Family-Friendly Hikes for Summer
Escaping the relentless summer sun, a family ducks into the cool shade of the forest. Sweet birdsong fills the family’s ears.
“It’s a hermit thrush,” the mother might say, identifying the bird.
Meanwhile, the woman’s four-year-old son is picking up acorns and sticks, fascinated by the small things, the aspects of the forest his family members would miss entirely if it weren’t for him, insistent on showing them his treasures, his small hands outstretched.
His older sister, on her way to teenhood, instructs him to leave nature as he finds it, for other hikers to enjoy. She’s learned about Leave No Trace ethics from her parents, and she’s proud to pass down her knowledge.
Following a well-worn, marked trail, the family has just begun their outdoor adventure, one that everyone will enjoy. Together in the woods, they’ll discover an old rock wall, a giant white pine tree and pond filled with frogs. They’ll laugh at the scolding trill of a red squirrel. And as they watch their feet, stepping over tangled tree roots, they’ll have plenty of time to talk — and to be silent.
Public hiking trails are numerous in Maine, and each one has something different to offer. Some trails travel up majestic mountains, through mossy evergreen forests; others visit the state’s rocky coastline, or wind through flower-filled meadows, or visit waterfalls. These trails vary widely in difficulty, from smooth nature trails to rough and rocky alpine paths, meaning there’s a trail out there for everyone.
The following are three local hikes that are great for families and small groups. All three hikes feature well-maintained and marked trails with plenty of interesting highlights, from excellent birding spots to scenic viewpoints. So put on some insect repellent — an absolute necessity this time of year — and check one of them out with your family and friends.
Birdsacre in Ellsworth — Easy
The Stanwood Wildlife Sanctuary, more commonly known as Birdsacre, is a 200-acre piece of quiet woodland surrounded by the hustle and bustle of downtown Ellsworth. The sanctuary includes a trail network, bird rehabilitation facility, a wheelchair-accessible boardwalk, nature center and 19th century homestead that used to be the home of Cordelia J. Stanwood (1865-1958).
The daughter of a sea captain and a prosperous merchant’s daughter, Stanwood was raised as a Victorian lady, but was determined to set her own course, shunning societal expectations. At her childhood home, Birdsacre, she devoted more than 50 years to the study of nature, and most notably birds, to become possibly the first highly respected female ornithologist photographer.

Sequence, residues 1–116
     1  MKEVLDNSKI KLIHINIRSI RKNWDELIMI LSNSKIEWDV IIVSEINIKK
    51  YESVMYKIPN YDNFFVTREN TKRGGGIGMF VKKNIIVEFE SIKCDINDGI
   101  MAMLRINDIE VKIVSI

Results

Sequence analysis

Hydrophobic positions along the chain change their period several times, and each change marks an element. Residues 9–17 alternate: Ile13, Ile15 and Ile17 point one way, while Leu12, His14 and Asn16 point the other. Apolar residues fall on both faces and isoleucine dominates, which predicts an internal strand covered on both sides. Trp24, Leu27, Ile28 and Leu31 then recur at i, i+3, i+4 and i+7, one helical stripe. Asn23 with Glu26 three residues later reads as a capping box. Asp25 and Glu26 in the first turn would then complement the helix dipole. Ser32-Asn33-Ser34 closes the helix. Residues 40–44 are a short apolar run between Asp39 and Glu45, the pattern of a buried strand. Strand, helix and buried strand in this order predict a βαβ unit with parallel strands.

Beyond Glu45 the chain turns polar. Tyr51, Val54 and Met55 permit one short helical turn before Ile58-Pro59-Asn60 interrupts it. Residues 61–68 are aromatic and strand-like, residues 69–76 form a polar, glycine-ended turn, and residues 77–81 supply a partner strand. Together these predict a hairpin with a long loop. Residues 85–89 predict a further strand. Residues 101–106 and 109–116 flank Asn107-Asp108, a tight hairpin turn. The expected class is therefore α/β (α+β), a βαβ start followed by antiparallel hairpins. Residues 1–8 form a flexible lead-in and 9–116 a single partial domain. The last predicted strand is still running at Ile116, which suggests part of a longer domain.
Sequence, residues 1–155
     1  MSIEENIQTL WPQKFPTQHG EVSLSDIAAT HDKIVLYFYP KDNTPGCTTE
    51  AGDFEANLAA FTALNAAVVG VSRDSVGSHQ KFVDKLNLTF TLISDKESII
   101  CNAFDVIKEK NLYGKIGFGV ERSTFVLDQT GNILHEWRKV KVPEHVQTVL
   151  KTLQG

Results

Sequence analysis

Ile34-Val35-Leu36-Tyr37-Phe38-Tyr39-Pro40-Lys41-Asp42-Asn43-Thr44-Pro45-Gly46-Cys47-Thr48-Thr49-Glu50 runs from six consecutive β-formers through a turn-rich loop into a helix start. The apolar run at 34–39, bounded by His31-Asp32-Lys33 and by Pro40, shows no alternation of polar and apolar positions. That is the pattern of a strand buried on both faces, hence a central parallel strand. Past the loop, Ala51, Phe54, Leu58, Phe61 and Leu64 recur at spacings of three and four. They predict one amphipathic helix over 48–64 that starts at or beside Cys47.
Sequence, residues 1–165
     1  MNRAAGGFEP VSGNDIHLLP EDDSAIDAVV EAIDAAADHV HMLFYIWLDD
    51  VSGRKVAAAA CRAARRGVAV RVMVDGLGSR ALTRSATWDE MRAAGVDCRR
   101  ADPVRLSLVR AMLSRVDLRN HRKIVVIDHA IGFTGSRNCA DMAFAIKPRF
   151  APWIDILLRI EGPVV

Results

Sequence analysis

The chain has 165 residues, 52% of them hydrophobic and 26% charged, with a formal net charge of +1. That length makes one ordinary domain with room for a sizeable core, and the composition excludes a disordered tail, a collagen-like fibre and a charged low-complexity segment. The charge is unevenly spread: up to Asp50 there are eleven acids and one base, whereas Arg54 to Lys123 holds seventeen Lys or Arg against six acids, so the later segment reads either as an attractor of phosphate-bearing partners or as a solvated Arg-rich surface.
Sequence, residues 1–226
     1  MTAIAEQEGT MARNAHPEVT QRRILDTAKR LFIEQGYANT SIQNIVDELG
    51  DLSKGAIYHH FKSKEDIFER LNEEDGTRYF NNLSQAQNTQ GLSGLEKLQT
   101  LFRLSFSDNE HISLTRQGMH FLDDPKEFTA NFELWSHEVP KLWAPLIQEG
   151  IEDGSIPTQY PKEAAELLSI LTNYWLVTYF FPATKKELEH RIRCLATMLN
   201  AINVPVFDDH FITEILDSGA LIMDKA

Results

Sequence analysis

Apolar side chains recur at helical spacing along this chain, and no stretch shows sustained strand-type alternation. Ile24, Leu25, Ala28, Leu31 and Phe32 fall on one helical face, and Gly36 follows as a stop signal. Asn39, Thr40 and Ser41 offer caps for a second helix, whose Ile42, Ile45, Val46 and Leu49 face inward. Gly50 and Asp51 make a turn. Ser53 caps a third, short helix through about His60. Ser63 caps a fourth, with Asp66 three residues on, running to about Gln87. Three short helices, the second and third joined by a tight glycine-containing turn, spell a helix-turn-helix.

Today, visitors to Birdsacre can follow in Stanwoods’ footsteps on the sanctuary’s system of footpaths, which consists of a 2-mile Perimeter Trail and many shorter trails that crisscross through woods and wetlands. It was on those trails that Stanwood spent many of her days observing birds and recording her findings in research notebooks and later, on camera. On wooden plaques erected on tree trunks throughout the trail network are quotes from Stanwood’s field notes. These passages offer glimpses of Stanwood’s deep reverence for the wilderness, her love of animals, and the peace and happiness she found in being outdoors.
As you explore the Birdsacre trail network you’ll come upon the same landmarks that Stanwood enjoyed more than half a century ago — a boulder called “Egg Rock,” a giant white pine called “Queen’s Throne,” and several small ponds. Signs throughout the trail network direct hikers to these natural features.
The Birdsacre trail network is open to the public during daylight hours year round. The homestead museum and nature center open June through September, 10 a.m.-4 p.m., dependent on volunteers. Admission is free, but donations can be made at the kiosk by the parking area. Dogs are permitted on the trails but should be kept away from all bird enclosures.
To learn more about Birdsacre, visit its website at birdsacre.com or call 667-8460.
How to get there: Birdsacre is located at 289 High Street (Route 3) in Ellsworth. To get there, start at the four-way intersection of Main Street and High Street in Ellsworth and drive south on High Street (Route 1-Route 3) toward Bar Harbor. After about 1 mile, High Street (Route 3) splits off to the left from Route 1 and becomes a one-way road headed toward Bar Harbor. Take High Street (Route 3) and drive about 0.3 mile to Birdsacre on the right, just before the China Hill Restaurant.
Caribou Bog Conservation Area in Orono — Moderate
Owned and maintained by the Orono Land Trust, the Caribou Bog Conservation Area features trails that lead to the summits of both Newman and Bangor hills. This trail network also visits several wetlands and ponds, offering excellent opportunities for viewing wildlife.